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CYCLING PERFORMANCE TIPS

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Weight Training Gyms Hockessin DE

This page provides useful content and local businesses that can help with your search for Weight Training Gyms. You will find helpful, informative articles about Weight Training Gyms, including "WEIGHT TRAINING". You will also find local businesses that provide the products or services that you are looking for. Please scroll down to find the local resources in Hockessin, DE that will answer all of your questions about Weight Training Gyms.

Tony Black
(484) 753-1443
Malvern, PA
Specialty
Strength Building, Body Building, Weight Loss, Rehabilitation, Yoga, Aerobics, Kick Boxing, Body Sculpting, Ketle Bells
Schedule Type
Certification ISSMA International Sports Medicine Association CPR/AED First Aid
Education
H.S.: Great ValleyCollege: Quinnipiac University Mass Comm.Air Force
General Information
29 years old (trains both men and women)

Delaware Health and Fitness
(302) 239-9600
204 Lantana Dr
Hockessin, DE
 
Dk Day Spa
(302) 234-6966
310 Lantana Dr
Hockessin, DE
 
Hockessin Snap Fitness
(302) 235-2180
7209 Lancaster Pike, Suite 1
Hockessin, DE
Programs & Services
Circuit Training, Elliptical Trainers, Free Weights, Personal Training, Pilates, Stair Climber, Stationary Bikes, Towel Service, Treadmill, Weight Machines

Data Provided By:
Lantana Chiropractic
(302) 239-1600
202 Lantana Dr
Hockessin, DE
 
Doug Grosser
(610) 296-8405
Malvern, PA
Specialty
Strength Building, Body Building, Weight Loss, Rehabilitation, Yoga, Aerobics, Body Sculpting
Schedule Type
NASM Corrective Exercise Specialist ACE Certified Personal Trainer AFPA Post-Rehab Exercise Specialist
Education
The majority of my clients have had the main goal of losing excess bodyfat and increasing lean muscle mass. As a result, this is the area I have the most experience in improving. However, I have a great deal of experience and thoroughly enjoy working with clients with all types of goals and fitness levels.
General Information
37 years old (trains both men and women)

New Castle County Adult Activities Center
(302) 239-8861
7259 Lancaster Pike
Hockessin, DE
 
Mayer Health Fitness and Massage
(302) 740-0947
PO Box 1288
Hockessin, DE
 
Delaware Health & Fitness
(302) 239-9600
204 Lantana Dr # 202
Hockessin, DE
 
Hockessin Athletic Club
100 Fitness Way
Hockessin, DE
 
Data Provided By:

WEIGHT TRAINING

 



Cycling regularly is great for lower body strength, but leaves a lot to be desired for the upper body muscle groups. And this can be a major liability - both for roadies who need that extra edge in road competitions and for mountain bikers who need this upper body strength to lift, jump, or just plain muscle heavier bikes over rough terrain and obstacles.

A reasonable approach is to focus on building strength (not bulk) in the winter and then backing off to just maintain it during the peak riding season. Strength from the weight room will help with on the bike performance, but 3 sets of leg presses at 400 pounds is different from the riding demands of roughly 30,000 pedal strokes during a century. When you're riding, resistance is in the range of 10-40 pounds per pedal revolution. So for the riding season you need to convert that weight-room strength to cycling-specific power with intervals, training time trials, and hill work.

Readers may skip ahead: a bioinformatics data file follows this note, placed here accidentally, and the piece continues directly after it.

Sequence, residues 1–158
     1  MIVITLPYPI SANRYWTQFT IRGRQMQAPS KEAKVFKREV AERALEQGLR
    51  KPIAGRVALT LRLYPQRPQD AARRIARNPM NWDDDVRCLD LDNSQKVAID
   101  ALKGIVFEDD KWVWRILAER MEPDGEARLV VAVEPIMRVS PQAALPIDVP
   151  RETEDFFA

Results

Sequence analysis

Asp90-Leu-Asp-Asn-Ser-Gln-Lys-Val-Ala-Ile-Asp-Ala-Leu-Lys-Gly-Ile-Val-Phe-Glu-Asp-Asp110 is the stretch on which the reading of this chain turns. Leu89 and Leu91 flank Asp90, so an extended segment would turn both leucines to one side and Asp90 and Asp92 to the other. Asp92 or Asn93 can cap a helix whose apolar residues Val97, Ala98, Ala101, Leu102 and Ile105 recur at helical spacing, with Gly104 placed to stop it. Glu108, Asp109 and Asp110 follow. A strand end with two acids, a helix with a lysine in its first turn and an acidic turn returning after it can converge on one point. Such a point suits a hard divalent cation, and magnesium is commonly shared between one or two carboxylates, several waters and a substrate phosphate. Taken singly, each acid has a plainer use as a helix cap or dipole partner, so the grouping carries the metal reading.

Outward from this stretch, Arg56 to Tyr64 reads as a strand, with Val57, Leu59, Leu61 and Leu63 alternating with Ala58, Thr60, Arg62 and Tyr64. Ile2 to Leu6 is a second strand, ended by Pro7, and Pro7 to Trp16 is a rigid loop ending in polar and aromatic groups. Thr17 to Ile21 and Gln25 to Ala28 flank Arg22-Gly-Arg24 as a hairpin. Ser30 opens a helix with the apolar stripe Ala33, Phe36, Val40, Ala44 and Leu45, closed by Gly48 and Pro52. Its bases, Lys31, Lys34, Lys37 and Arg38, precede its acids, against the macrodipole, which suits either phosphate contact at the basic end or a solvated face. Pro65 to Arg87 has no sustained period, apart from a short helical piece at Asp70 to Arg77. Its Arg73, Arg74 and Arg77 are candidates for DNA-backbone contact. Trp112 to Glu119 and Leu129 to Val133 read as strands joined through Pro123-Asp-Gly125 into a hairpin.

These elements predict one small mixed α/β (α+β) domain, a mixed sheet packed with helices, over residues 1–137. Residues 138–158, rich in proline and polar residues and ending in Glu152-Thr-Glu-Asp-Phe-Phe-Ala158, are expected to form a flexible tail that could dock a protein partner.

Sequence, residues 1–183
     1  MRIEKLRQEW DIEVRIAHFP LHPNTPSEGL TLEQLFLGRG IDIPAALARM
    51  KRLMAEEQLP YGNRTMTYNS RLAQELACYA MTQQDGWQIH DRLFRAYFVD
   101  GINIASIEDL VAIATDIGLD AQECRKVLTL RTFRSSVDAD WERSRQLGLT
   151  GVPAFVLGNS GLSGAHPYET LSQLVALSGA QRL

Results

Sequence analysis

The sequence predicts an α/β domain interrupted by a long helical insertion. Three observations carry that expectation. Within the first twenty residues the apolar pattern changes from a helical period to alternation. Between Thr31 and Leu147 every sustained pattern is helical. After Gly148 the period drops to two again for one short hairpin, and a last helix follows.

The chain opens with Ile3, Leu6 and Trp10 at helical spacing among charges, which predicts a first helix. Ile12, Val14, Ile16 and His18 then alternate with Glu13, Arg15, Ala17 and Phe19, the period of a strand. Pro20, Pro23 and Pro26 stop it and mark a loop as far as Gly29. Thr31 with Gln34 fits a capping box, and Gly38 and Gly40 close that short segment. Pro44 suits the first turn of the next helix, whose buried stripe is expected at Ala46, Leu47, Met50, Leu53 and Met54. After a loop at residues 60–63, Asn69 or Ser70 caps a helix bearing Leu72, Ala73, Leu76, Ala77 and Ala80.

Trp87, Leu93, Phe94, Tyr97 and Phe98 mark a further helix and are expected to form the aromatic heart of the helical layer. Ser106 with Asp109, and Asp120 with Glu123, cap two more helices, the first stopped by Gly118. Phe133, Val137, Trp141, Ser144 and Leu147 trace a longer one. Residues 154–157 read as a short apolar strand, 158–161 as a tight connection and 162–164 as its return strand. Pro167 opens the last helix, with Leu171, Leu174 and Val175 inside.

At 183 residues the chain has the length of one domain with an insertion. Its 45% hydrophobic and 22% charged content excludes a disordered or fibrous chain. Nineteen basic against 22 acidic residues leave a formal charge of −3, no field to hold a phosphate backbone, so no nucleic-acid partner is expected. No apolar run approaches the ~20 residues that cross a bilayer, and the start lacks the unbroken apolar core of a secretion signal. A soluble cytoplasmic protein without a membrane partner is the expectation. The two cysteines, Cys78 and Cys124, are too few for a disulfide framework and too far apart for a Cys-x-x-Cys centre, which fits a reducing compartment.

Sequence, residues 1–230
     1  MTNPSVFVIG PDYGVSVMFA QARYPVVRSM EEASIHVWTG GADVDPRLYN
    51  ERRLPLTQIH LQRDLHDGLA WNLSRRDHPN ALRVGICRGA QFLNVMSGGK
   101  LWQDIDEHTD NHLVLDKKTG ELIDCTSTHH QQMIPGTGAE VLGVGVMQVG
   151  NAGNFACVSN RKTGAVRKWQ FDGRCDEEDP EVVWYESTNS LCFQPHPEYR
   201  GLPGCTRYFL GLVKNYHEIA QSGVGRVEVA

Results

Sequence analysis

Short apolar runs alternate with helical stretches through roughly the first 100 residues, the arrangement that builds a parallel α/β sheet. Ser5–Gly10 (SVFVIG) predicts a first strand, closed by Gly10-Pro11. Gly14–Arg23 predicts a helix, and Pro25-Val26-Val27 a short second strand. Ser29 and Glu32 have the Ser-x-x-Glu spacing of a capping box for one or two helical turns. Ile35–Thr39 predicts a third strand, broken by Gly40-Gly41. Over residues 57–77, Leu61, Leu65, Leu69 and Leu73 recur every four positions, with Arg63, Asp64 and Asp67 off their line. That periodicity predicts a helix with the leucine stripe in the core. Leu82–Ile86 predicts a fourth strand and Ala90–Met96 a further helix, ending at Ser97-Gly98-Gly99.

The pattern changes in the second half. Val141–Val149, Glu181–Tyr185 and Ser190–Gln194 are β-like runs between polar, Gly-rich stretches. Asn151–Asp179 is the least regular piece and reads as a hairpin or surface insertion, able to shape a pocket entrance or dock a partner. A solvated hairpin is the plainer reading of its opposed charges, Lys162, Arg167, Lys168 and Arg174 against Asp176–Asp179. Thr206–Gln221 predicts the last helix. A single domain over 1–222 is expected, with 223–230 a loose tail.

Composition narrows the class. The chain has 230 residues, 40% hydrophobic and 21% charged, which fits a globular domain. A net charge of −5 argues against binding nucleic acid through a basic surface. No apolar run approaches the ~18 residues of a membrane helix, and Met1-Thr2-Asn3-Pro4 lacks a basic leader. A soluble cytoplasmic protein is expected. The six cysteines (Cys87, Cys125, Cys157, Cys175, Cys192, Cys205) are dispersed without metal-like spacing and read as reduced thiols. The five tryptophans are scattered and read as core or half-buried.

WHY "MUSCLE UP"?

1.The upper body, including abdominal muscles , is an integral part of the pedal stroke. A strong torso provides the rigidity to deliver maximum power from the quads to the pedal. On a level stretch, a strong rider will barely move their upper body while those who are tiring will rock their pelvis on the saddle. And watch a group of road riders in a sprint or a technical single track rider pulling and rocking their shoulders and handlebars. This motion actually levers the bike, adding to the power of their legs on the pedals.

2. Muscle strength in the quads and legs can mean the difference between walking and riding up a short (10 to 15 pedal stroke) hill.

3. A strong upper body gives additional protection for those falls that are part of the sport.

4. Muscle strength and endurance help prevent the fatigue of the constant jarring and correction that are part of a long descent - and in turn this freshness helps to maintain sharp reflexes and technical

RECOMMENDED EXERCISE PLANS

There are two approaches to resistance or weight training. The first is the "keep it simple" approach one can put together at home and on the bike, and the other is the more "traditional" using free weights. Both should be done 3 times a week (2 times at a minimum) to maximize benefits.

Most coaches recommend a program of strength building (higher weights, fewer reps) in the winter and then a shift to lower weights (perhaps 50% max) and more reps (3 sets, 50% max.weight, 25 reps OR 2 sets, 25% max.weight, 50 reps) as the cycling season approaches to mimic the ways you use your muscles on the bike and to decrease the possibility of injuries.

The following idea builds on the concept of transitioning from a pure muscle building program to one that mimics how you use those muscles on the bike. Do a 3 - 5 minute "muscle reeducation" on the spin cycle after lifting. This stresses the muscles and then uses a sport specific task to coordinate the firing patte...

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